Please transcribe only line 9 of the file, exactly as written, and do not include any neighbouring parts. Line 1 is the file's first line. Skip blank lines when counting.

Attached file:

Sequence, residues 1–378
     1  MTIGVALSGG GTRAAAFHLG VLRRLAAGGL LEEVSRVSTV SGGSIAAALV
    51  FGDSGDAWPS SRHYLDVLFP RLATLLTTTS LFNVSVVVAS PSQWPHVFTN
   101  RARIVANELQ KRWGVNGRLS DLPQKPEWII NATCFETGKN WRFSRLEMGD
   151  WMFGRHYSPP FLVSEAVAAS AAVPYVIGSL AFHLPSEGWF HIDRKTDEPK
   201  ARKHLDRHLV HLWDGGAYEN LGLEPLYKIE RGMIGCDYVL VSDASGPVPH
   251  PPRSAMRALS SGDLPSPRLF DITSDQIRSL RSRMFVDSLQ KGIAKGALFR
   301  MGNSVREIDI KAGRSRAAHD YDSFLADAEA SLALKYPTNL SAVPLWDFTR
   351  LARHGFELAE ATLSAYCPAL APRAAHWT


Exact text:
   351  LARHGFELAE ATLSAYCPAL APRAAHWT